proposes to regulate and rule the world and, along with this, proposes to alter the forms of our government to approach as

closely as possible the unrestrained, absolute government — then you will know you have located the authentic fascist.'

How frustrating then that what was all too apparent to Flynn was so hidden from his colleagues and, more importantly, from

the voters, who in 1936 compounded their forgivable error of 1932 by choosing to re-elect Roosevelt by a landslide.

3/01/2010 04:00:00 PM  
Blogger Tim Wilkinson said...

So far, no conspiracy - and apparently no influece for Flynn (and the unnamed 'others like him'). All this is just an attempt

to prime the reader to accept DA's story about the Paranoid Myth of the War Conspiracy. Flynn's opposition to war in 1934 led

him to become the cheif researcher for a congessional Munitions Investigation Committee:

The conclusion of its report, published in February 1936, was. however, too nebulous to be of any direct benefit to what

would become known as the isolationist cause: 'While the evidence before this committee does not show that wars have been

started solely because of the activities of munitions makers and their agents.' it stated, 'it is also true that wars rarely

have one single cause, and the committee finds it to be against the peace of the world for selfishly interested organizations

to be left free to goad and frighten nations into military activity.' More helpfully, the committee noted that in the two

vears before entering the Great War the US had lent S27 million to Germany, compared with S2.5 billion to the Allies. The

inference was obvious: 58,000 Americans had lost their lives for the cause of American banking. Nve himself said as much in a

speech later that year. claiming. 'the record of facts makes it altogether fair to say that these bankers were in the

heart and center of a system
that made our going to war inevitable'
[emph mine]

Crazy, eh?

3/01/2010 04:01:00 PM  
Blogger Tim Wilkinson said...

Flynn continued his opposition to war and was a founder of the organisation which was to become the America First Committee

in 1941. The tenor of DA's discussion seems to subscribe to the Tony Blair version of events (he said in an interview that Britain entered the war 'to save the Jews from the Holocaust' or words to that effect), and his outrage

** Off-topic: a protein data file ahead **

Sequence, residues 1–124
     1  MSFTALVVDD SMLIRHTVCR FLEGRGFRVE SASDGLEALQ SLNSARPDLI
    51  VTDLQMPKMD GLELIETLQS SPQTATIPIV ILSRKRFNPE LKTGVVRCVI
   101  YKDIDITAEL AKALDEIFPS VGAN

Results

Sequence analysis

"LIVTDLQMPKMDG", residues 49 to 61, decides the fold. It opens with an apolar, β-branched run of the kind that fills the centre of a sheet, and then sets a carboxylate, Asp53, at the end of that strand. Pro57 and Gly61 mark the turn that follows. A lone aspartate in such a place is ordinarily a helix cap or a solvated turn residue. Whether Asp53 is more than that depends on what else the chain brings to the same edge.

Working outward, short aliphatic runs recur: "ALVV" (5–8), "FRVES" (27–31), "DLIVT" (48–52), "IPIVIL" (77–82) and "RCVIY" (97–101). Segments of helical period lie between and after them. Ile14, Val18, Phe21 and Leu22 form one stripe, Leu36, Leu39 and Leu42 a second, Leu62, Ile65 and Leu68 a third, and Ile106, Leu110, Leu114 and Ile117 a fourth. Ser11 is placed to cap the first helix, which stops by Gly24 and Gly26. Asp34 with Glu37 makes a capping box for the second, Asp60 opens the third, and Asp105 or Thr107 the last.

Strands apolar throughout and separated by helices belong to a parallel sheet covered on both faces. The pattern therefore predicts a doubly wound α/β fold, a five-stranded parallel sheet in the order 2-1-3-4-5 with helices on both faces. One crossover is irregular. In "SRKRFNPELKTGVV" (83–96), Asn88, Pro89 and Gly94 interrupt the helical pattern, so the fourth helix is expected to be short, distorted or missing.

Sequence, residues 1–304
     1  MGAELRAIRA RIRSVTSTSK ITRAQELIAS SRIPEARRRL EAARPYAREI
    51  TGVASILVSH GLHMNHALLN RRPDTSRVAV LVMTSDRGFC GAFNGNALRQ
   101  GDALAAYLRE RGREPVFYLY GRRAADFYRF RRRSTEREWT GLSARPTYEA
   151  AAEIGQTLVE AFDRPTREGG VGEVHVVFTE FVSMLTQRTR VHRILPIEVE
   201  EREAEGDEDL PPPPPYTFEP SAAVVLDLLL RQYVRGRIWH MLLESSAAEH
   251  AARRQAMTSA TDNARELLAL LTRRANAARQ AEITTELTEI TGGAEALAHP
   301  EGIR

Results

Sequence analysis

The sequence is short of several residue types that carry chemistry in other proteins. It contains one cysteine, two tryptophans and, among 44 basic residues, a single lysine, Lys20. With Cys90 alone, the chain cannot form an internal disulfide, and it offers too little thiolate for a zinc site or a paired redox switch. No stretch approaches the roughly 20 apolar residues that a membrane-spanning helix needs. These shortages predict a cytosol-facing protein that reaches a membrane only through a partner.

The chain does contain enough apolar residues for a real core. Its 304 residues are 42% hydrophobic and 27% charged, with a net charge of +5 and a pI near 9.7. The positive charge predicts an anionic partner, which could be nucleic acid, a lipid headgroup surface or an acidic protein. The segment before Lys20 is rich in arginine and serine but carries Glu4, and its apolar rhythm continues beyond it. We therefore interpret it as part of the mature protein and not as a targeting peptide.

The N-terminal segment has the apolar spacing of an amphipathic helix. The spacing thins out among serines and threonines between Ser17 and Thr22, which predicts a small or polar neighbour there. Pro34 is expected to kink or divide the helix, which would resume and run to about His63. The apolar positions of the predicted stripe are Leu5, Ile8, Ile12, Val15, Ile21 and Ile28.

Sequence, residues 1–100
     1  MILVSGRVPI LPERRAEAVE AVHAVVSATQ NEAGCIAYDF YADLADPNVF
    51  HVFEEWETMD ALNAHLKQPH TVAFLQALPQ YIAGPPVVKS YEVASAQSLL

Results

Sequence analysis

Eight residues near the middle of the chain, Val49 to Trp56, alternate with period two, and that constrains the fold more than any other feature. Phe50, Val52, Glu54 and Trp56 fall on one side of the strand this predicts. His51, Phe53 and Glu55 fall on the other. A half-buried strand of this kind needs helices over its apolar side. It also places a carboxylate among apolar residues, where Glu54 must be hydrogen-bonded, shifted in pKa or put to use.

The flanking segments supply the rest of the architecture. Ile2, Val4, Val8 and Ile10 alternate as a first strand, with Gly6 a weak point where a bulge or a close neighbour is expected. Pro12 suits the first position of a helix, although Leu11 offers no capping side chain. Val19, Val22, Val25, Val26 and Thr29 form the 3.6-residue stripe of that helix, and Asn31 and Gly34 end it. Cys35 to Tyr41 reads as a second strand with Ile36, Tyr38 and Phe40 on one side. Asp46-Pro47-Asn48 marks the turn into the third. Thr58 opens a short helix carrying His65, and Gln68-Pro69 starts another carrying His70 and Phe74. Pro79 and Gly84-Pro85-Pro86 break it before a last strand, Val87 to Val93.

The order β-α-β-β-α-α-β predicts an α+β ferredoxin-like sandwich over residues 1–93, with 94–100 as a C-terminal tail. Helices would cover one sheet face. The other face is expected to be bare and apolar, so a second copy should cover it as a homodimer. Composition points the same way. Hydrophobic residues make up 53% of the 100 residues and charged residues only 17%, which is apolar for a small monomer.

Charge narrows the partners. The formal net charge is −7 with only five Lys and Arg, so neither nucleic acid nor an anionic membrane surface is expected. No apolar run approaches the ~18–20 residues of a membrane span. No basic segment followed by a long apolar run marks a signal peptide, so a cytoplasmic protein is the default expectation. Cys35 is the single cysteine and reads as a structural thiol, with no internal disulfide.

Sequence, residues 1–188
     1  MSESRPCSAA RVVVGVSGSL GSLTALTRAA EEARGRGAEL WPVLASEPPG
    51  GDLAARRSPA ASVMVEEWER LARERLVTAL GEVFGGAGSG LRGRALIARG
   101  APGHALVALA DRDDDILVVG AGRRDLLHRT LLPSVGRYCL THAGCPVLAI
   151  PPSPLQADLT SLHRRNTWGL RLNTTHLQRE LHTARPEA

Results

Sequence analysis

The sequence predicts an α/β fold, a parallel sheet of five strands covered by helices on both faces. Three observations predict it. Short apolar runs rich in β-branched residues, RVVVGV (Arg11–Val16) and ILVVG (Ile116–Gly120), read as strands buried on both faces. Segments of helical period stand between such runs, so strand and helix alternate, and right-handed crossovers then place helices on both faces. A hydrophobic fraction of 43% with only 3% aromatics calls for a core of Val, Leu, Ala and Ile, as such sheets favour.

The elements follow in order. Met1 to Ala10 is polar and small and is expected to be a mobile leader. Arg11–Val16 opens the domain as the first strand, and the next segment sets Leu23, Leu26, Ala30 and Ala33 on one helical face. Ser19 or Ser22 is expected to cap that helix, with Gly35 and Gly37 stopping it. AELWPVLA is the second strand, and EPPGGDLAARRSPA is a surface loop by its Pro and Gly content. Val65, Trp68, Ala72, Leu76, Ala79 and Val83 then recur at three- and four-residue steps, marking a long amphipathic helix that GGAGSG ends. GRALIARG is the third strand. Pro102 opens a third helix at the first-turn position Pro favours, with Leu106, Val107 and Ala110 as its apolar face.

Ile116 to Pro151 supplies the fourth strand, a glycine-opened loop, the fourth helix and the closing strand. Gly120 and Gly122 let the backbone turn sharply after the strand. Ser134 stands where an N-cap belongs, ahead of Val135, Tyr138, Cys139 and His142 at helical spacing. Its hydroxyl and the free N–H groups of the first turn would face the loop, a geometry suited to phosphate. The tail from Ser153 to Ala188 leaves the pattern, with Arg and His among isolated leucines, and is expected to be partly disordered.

at the isolationist cause seems to be fuelled by what he elsewhere trumps up as the "Historian's Fallacy",

coined in 1970 by the scholar David Hackett Fischer to describe the 'ludicrous' but common error in the assumption 'that a

man who has a given historical experience knows it, when he has it, to be all that a historian would know it to be, with the

advantage of historical perspective'. Fischer is not talking about what we call the benefit of hindsight,
[er,actually it

appears that he is] but about the tendency to forget that the actors in a historical drama simply did not know, at the

time, what was coming next. Subsequent to an event, we may recall the clues and warnings that it was about to happen, but,

warns Fischer, 'our memory does not extend with equal clarity to many other signs and signals which pointed unequivocally in

the other direction'


Populism is bad and, er, racist. Isolationism. But the Holocaust! See? Disgraceful! Never mind the fresh memory of the Great

War. But the really important point is that even if you agree that DA is presenting a political freakshow, it is also a

sideshow: where's the paranoid conspiracy theorising, Aaro? Surely you're not imagining it?

Next, DA gets his fix of antisemitism:

In September 1.941 Charles Lindbergh, the effective leader of America First, fought back with a speech in Iowa. It

expressed, in the most developed way, his sense of who exactly was behind the disastrous slide into armed confrontation:
The three most important groups who have been pressing this country toward war are the British,
[who were indeed

conspiring - understandably of course - to disseminate pro-intervention propaganda] the Jewish and the Roosevelt

administration. Behind these groups, but of lesser importance, are a number of capitalists, Anglophiles and intellectuals who

believe that their future, and the future of mankind, depends upon the domination of the British Empire ... These war

agitators comprise only a small minority of our people: but they control a tremendous influence ... It is not difficult to

understand why Jewish people desire the overthrow of Nazi Germany . . . But no person of honesty and vision can look on their

pro-war policy here today without seeing the dangers involved in such a policy, both for us and for them. Instead of

agitating for war, the Jewish groups in this country should be opposing it in every possible way, for they will be among the

first to feel its consequences.'


This is certainly a repellent view - but it appears callous rather than approving about Nazi antisemitism (and again note

that of course nothing was known of the Holocaust at this time - Nazi Germany presumaby looked rather like, say, Apartheid

South Africa at this time). Of course I'm not trying to defend this speech, just to question DA's use of evidence. And

certainly, the last line sounds distinctly suspect - what are these consequences? Most importantly, the speech in full and in

context was certainly taken to imply some quite shocking opinions. Note though that it doesn't seem to imply any sinister

conspiracy, Jewish or otherwise. Jewish support for entry to the war is a decidely unsinister thing, and it's far from clear